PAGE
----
Featured Research: Connection to Strategy
If you want to connect company strategy to the daily action of all employees, you’ll have to make sure that employees know, understand and identify with the company strategy to begin with. After all, if they don’t buy the mission, just how hard do you think they’re going to work at fulfilling it?
We wanted to find out whether employees were connected to their company’s strategy and to see whether there is any difference between the degree of connection at senior ranks within a company as compared to junior ranks.
You can see our Research Methodology here but simply put, we polled 1,000 full time employees in North America who have university degrees.
Our research set out to determine to what degree do employees agree with four simple statements.
- My company's purpose makes me feel my job is important.
- My manager has discussed the company's strategic plan with me.
- I understand my company's objectives.
- The company's strategic plan makes sense.
My company's purpose makes me feel my job is important.
Many companies aren’t good at connecting employees with their mission. We believe that this is the first thing you need to do if you want effective strategy execution; connect employees with company mission.
We asked employees to tell us whether their company’s purpose makes their job seem important. This is effectively asking whether or not they are emotionally connected with the company’s mission.
Overall the results are pretty anemic. There are as many people who are mission Disconnected as Connected and the Employee Connection Score (see Research Methodology) is a miserly -1.7.
Where the research starts to get interesting though is looking at employees versus managers. What we’ve seen is that employees aren’t nearly as enamoured with their company’s mission as managers are. Employee Connection Scores for this question line up as follows:
Senior managers are probably walking around in the clouds, thinking that everyone is just as committed to the company’s purpose as they are when in fact, employees are more likely to be disconnected than connected.
My manager has discussed the company's strategic plan with me.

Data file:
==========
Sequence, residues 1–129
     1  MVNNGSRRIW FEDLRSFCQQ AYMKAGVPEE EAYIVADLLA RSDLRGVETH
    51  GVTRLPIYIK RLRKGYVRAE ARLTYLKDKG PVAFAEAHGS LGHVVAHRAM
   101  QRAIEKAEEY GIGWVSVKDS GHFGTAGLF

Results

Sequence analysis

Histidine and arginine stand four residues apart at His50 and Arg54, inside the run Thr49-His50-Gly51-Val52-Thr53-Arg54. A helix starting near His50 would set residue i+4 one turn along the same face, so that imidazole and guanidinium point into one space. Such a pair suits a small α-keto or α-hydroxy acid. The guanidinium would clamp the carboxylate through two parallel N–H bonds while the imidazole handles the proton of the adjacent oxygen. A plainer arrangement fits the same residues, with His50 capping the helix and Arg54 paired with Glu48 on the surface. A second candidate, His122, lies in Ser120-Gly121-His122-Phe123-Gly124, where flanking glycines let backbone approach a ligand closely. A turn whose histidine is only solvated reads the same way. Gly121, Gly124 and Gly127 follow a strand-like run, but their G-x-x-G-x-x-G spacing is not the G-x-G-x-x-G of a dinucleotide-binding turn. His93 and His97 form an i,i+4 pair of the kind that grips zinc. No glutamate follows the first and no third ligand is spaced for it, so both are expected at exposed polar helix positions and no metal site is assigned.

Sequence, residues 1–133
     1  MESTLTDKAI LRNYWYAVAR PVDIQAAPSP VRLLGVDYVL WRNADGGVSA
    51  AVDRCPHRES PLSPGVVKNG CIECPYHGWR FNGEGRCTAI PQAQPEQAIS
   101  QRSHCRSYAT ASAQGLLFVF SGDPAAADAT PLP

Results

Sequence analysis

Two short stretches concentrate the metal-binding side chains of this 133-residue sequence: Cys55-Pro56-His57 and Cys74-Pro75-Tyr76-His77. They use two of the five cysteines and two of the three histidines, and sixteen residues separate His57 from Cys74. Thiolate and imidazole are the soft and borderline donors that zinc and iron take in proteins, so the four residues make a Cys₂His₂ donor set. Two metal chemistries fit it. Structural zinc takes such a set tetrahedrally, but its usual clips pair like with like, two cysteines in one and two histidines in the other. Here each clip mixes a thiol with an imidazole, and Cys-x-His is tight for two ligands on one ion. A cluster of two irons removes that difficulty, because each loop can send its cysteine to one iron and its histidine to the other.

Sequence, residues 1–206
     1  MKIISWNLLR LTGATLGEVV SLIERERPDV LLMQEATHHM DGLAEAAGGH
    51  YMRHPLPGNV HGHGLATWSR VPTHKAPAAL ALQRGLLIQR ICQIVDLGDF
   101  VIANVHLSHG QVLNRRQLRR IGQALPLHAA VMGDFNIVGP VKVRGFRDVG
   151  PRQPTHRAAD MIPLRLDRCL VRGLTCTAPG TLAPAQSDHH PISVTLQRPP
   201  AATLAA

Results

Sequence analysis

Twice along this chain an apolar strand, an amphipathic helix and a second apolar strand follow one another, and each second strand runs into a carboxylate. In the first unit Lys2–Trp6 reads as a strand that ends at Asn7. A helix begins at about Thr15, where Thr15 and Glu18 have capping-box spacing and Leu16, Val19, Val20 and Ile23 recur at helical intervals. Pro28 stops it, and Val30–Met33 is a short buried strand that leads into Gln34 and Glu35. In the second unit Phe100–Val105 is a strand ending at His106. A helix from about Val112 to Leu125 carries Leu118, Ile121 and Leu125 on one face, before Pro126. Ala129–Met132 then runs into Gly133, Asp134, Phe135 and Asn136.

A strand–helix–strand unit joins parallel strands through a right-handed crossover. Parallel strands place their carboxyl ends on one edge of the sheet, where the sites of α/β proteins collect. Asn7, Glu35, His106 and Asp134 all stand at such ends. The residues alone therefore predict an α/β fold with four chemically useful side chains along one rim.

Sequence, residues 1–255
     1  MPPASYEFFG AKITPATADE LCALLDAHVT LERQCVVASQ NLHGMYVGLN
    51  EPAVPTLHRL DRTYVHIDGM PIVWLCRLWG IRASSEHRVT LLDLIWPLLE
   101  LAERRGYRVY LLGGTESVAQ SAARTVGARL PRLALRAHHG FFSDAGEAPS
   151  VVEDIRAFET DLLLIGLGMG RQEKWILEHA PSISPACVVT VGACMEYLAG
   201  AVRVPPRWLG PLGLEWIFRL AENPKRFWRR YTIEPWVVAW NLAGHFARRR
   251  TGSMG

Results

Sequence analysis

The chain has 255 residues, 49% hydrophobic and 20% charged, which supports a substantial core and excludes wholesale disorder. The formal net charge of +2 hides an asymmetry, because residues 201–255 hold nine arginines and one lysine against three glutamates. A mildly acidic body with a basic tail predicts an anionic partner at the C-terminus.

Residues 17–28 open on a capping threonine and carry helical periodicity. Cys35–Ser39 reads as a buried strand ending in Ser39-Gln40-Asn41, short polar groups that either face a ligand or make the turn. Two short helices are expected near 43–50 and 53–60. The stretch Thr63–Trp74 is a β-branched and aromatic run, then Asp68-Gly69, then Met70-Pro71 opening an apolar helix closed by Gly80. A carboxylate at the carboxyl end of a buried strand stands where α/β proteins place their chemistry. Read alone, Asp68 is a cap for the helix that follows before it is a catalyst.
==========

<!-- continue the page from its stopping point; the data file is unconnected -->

The second step in connecting employees with the mission is to actually discuss the strategic plan with each and every one of them.
For the most part though, our research shows that employees don’t really understand company strategy. We set out to determine simply whether their manager had discussed the strategy with them and the results are more negative than we expected. Overall, there are more Disconnected than Connected with an Employee Connection Score to this question of -19.8.
The research has shown what we anecdotally knew to be true. Company strategy is being discussed at the senior management level and to a lesser extent at the manager level but employees are not getting the message. The following chart shows the Employee Connection Score for each of these three groups.
That begs the question, how can employees support the company strategy if they don’t even know what that strategy is. There is a great story from NASA in the early days. A visiting group of US Senators was walking around NASA and cam upon a cleaner sweeping the floors. They asked him what he did for NASA and he replied that he was helping to put a man on the moon. He knew the strategy and was connected with it.
What we also asked in the research was whether employees had a clear method for measuring their results, whether they had metrics. What we found was that where employees had clear metrics, managers had to be discussing the company’s plan with them. The following table shows the Employee Connection Score with and without Metrics.
What we surmise from these results is that in order to have metrics in place for employees, managers need to have discussions about the strategic plan and the result is better-connected employees.
I understand my company's objectives
Southwest Airlines has an enviable record of success in an industry not noted for extended runs of profitability or even for that matter, staying out of bankruptcy. In 2012, they celebrated their 40th straight year of profitability. One of the best-managed companies in the world, they are very clear about their objective, to be the lowest cost airline flying. This is ingrained in every employee. They know their company objective.